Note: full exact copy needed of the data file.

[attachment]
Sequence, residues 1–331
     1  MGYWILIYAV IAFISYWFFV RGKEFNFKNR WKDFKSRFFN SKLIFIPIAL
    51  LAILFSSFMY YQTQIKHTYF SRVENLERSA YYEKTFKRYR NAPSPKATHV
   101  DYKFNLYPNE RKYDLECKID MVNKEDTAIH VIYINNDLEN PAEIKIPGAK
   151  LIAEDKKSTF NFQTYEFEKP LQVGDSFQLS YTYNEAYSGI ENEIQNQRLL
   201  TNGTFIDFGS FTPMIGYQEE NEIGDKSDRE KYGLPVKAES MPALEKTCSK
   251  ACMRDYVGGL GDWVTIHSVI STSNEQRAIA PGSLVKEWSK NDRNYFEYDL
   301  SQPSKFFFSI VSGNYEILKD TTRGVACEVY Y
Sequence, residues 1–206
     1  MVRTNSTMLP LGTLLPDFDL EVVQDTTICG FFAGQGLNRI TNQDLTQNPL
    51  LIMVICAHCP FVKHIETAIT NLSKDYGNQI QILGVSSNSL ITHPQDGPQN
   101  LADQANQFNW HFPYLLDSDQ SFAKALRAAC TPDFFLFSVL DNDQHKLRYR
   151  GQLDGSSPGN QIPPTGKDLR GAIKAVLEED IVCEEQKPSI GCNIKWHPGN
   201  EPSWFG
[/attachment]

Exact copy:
Sequence, residues 1–331
     1  MGYWILIYAV IAFISYWFFV RGKEFNFKNR WKDFKSRFFN SKLIFIPIAL
    51  LAILFSSFMY YQTQIKHTYF SRVENLERSA YYEKTFKRYR NAPSPKATHV
   101  DYKFNLYPNE RKYDLECKID MVNKEDTAIH VIYINNDLEN PAEIKIPGAK
   151  LIAEDKKSTF NFQTYEFEKP LQVGDSFQLS YTYNEAYSGI ENEIQNQRLL
   201  TNGTFIDFGS FTPMIGYQEE NEIGDKSDRE KYGLPVKAES MPALEKTCSK
   251  ACMRDYVGGL GDWVTIHSVI STSNEQRAIA PGSLVKEWSK NDRNYFEYDL
   301  SQPSKFFFSI VSGNYEILKD TTRGVACEVY Y
Sequence, residues 1–206
     1  MVRTNSTMLP LGTLLPDFDL EVVQDTTICG FFAGQGLNRI TNQDLTQNPL
    51  LIMVICAHCP FVKHIETAIT NLSKDYGNQI QILGVSSNSL ITHPQDGPQN
   101  LADQANQFNW HFPYLLDSDQ SFAKALRAAC TPDFFLFSVL DNDQHKLRYR
   151  GQLDGSSPGN QIPPTGKDLR GAIKAVLEED IVCEEQKPSI GCNIKWHPGN
   201  EPSWFG